Colorado passed the peak of a delta wave of COVID-19 hospitalizations on Wednesday, but some of those hospitalized during the current Omicron boom are being treated primarily for symptoms of the virus. Although estimates vary widely as to how many patients tested positive after being admitted. ,
State epidemiologist Dr. Rachel Herlihy said 1,577 people had been hospitalized across the state with confirmed COVID-19 as of Wednesday afternoon, one more hospitalization than when the delta wave peaked on November 23. recruited in. At the worst point of the pandemic in early December 2020. Of the 1,847 people hospitalized with the virus.
“Our hospitals are clearly under significant stress,” she said during a news briefing.
But the fast-spreading Omicron variant has sent new infections skyrocketing in Colorado, making it less likely to cause serious illness than the Delta version, which carried the state’s fifth wave.
Colorado has more beds currently available in intensive care units, said Scott Bookman, the state’s COVID-19 incident commander. On average, 91% of intensive care beds and 93% of general hospital beds were in use across the state during the past week.
Hurlihi said the state estimates that about 65% of current COVID positive patients are hospitalized because they have the virus, with COVID-19 either contributing to hospitalizations or others. plays no role.
In previous waves, 80% to 90% of patients with COVID-19 were hospitalized due to complications from the virus, she said.
UCHealth and Denver Health have come to almost opposite conclusions about why most of their COVID-19 patients are, with 60% to 65% reporting that they came to the hospital for some other reason and were then found to have the virus.
It’s possible that those hospitals are seeing a different mix of patients than other parts of the state, or that they and the Colorado Department of Public Health and the Environment are using different ways of classifying patients.
Whether hospitalization could have been avoided is not always easy to analyze for COVID-19. A man who broke his leg skiing and tested positive with an asymptomatic infection is apparently an accidental hospitalization. A person with diabetes who has a blood sugar crisis is hard to label, as viral infections can exacerbate chronic conditions.
Even when the virus is not the primary reason someone has sought care, it creates difficulties, as those patients must be isolated from others and anyone caring for them should not be allowed inside. Before they are required to don full protective equipment, Herlih said. She said it can also lead to complications that keep a person in the hospital longer.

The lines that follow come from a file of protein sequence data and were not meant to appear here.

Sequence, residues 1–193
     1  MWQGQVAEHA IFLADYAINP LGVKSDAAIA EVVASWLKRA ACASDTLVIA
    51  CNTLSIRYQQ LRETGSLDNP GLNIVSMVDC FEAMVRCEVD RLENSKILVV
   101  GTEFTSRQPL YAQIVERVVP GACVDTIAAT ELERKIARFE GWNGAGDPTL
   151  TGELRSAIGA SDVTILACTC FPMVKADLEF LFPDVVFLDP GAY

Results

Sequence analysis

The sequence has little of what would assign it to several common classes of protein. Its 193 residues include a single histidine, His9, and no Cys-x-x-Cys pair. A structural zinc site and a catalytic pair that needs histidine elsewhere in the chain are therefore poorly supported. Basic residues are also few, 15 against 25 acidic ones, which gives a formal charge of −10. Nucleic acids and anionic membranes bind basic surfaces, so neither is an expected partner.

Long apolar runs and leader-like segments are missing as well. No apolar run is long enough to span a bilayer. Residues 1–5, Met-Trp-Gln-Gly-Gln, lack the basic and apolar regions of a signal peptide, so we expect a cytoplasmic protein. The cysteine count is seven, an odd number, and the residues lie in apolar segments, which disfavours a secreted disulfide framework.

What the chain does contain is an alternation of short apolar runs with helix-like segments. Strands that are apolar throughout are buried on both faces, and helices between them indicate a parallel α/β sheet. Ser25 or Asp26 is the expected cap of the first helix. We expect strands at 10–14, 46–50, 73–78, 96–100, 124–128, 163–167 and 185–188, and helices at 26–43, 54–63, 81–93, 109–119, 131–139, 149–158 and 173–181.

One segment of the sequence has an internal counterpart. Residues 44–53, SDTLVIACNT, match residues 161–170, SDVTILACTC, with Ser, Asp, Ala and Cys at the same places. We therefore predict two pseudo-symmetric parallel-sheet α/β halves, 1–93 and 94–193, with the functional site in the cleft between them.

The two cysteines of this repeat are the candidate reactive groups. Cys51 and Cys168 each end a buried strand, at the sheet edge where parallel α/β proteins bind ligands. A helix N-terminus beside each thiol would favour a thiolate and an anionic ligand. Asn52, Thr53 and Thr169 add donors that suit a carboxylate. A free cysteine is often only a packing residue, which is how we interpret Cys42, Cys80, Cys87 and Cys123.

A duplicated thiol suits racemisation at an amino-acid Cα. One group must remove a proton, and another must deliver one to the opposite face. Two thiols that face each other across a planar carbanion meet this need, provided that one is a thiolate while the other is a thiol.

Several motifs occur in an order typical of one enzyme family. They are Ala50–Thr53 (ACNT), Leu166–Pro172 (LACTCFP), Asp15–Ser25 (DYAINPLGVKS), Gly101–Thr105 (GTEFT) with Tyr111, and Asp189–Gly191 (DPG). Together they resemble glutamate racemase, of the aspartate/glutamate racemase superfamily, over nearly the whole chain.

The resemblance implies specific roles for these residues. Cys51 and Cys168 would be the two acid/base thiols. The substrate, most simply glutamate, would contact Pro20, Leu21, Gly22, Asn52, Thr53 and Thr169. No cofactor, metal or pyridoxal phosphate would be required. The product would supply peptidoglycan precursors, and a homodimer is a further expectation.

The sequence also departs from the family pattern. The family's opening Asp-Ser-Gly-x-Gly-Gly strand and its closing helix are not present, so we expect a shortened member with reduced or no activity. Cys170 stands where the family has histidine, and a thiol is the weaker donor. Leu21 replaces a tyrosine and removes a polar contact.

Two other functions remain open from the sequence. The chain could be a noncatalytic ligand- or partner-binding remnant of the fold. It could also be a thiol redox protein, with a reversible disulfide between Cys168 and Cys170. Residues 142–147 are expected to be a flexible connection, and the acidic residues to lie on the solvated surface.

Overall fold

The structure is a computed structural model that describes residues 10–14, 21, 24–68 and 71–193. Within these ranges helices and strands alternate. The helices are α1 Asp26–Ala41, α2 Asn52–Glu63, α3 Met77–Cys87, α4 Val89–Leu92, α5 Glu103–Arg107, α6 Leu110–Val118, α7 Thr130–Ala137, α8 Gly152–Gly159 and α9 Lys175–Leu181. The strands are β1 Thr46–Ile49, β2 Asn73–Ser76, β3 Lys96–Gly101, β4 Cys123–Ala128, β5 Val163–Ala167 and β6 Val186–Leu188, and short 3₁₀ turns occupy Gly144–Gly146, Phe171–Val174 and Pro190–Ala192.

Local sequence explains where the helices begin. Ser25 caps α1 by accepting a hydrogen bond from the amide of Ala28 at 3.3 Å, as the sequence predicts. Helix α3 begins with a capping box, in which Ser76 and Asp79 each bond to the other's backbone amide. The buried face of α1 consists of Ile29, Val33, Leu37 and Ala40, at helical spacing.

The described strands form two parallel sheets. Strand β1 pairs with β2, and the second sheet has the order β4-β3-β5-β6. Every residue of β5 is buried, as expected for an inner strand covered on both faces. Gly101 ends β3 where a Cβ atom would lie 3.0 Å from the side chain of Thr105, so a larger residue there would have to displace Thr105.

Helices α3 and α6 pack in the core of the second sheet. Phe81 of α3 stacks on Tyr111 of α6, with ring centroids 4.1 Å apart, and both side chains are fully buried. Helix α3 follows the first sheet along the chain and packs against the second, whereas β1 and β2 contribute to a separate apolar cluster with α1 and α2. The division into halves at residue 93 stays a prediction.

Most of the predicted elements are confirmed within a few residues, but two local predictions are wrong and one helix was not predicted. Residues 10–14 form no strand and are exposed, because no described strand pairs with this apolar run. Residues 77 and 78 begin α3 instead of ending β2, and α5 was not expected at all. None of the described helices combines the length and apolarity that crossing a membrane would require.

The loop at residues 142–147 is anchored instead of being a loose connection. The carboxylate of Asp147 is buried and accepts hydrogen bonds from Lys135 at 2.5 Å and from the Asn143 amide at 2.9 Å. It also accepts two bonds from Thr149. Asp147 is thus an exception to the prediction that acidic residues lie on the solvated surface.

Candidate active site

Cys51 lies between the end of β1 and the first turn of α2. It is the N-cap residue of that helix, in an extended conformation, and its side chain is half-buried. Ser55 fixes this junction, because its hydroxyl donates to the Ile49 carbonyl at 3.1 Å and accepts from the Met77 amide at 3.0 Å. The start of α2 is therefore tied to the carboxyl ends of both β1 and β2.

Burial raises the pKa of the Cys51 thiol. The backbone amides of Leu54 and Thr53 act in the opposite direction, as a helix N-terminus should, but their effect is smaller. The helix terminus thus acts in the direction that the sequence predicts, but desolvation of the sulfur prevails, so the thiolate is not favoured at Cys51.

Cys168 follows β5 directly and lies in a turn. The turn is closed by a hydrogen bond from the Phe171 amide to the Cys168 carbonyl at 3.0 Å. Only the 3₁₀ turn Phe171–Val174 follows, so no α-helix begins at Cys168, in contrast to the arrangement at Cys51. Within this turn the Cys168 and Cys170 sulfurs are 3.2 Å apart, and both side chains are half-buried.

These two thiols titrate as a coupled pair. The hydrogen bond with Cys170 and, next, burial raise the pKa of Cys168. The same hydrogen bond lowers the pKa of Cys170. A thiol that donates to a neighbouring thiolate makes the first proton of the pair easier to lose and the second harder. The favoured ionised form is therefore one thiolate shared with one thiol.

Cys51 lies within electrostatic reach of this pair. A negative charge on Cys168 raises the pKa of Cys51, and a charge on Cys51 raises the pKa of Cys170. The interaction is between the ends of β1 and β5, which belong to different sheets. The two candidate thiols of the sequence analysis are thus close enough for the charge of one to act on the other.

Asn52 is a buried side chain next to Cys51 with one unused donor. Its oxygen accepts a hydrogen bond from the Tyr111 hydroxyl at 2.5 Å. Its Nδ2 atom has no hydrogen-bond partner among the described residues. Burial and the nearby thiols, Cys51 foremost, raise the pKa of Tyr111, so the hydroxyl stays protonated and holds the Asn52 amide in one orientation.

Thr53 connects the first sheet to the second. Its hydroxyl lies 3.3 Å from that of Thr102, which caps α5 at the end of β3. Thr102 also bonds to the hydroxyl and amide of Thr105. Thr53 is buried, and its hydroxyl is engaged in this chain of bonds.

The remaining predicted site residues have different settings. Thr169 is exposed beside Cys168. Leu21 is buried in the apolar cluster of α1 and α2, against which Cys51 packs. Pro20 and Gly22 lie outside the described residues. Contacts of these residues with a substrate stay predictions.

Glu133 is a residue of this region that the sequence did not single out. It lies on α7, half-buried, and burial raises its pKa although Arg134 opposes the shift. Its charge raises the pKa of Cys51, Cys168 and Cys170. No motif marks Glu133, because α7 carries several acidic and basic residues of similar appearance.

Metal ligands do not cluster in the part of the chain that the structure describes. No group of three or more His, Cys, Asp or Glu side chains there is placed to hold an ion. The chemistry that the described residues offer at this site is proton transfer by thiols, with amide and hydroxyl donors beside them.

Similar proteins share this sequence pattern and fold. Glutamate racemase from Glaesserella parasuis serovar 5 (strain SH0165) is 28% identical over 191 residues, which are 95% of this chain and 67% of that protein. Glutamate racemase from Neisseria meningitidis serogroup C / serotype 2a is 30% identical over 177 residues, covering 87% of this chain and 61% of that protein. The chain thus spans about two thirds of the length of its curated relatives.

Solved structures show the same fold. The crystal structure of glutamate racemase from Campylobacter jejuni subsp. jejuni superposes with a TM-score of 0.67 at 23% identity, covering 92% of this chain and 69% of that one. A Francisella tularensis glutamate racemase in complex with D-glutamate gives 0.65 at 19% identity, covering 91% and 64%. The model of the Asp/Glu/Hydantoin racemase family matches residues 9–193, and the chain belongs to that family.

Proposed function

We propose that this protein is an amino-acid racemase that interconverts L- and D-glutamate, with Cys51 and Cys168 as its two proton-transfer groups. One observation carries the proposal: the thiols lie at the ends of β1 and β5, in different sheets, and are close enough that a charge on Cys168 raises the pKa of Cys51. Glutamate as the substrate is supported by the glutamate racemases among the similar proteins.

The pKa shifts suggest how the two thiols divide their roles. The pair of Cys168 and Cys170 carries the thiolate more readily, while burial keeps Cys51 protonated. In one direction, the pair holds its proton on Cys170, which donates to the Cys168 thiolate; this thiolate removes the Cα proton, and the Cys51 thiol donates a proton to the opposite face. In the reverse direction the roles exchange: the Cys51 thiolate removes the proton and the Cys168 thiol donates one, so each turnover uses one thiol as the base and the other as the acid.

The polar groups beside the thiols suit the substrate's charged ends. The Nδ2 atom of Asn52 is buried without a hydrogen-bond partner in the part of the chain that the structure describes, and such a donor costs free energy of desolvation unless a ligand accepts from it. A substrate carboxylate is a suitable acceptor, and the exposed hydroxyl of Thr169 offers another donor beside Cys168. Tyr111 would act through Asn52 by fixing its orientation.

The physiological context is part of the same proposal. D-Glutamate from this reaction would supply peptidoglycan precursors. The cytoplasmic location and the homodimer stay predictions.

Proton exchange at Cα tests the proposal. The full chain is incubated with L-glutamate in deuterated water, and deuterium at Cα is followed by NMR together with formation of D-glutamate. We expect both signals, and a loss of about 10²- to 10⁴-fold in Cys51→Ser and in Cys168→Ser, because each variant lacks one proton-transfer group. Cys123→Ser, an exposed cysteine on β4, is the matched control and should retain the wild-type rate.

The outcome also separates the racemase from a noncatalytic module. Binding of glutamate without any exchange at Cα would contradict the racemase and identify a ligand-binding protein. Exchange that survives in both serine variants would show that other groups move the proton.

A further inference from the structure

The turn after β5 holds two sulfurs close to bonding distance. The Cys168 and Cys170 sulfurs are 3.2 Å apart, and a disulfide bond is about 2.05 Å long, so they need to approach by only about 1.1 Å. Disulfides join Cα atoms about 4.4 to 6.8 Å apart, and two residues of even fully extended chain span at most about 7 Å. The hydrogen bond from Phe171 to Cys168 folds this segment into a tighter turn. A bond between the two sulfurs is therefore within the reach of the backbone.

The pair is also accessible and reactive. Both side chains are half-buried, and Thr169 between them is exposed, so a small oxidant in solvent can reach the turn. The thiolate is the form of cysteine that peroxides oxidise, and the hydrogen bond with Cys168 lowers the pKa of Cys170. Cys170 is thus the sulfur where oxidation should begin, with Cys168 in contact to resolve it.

“In many cases, COVID-19 is complicating their hospitalization, extending their hospitalization,” she said.
The model projects the current surge could peak later this week, with nearly 2,100 people hospitalized for COVID-19, Hurley said, though an outlandish scenario could later see the wave peak with more than 3,000 hospitalizations. shows.
So far, the percentage of tests that come back positive – typically the first weathervane to turn when the COVID-19 wave is accelerating or nearing its end – continues to increase by an average of 30% over the past week . With more than 12,000 new infections reported in the past 24 hours on Wednesday, there is no sign cases are also declining.
In previous waves, the positivity rate would drop first, followed by cases, and a week or so later, hospitalizations.
The state is looking at local data, as well as what happened in South Africa, the United Kingdom and other states, Hurley said. New York City has reached its peak in cases, and Colorado may learn how long hospitalizations take, she said.
In December 2020, at the peak of the pandemic, conditions were different for hospitalizations: businesses were operating under significant capacity restrictions, and Colorado had a statewide mask mandate – but the virus was less transmitted. In November 2021, during the peak of the delta wave, the restrictions ended, and a committee was preparing guidelines for implementing crisis standards if Colorado should care to ration.
Buchman said Colorado currently has crisis standards in place to allow hospitals and emergency medical providers to spread their staffing in a way that could mean less than optimal care for patients, but there is no indication that rationing is possible. Care is on the horizon. He said frontline health care workers have been battling the pandemic for almost two years.
“They need to grow again,” he said.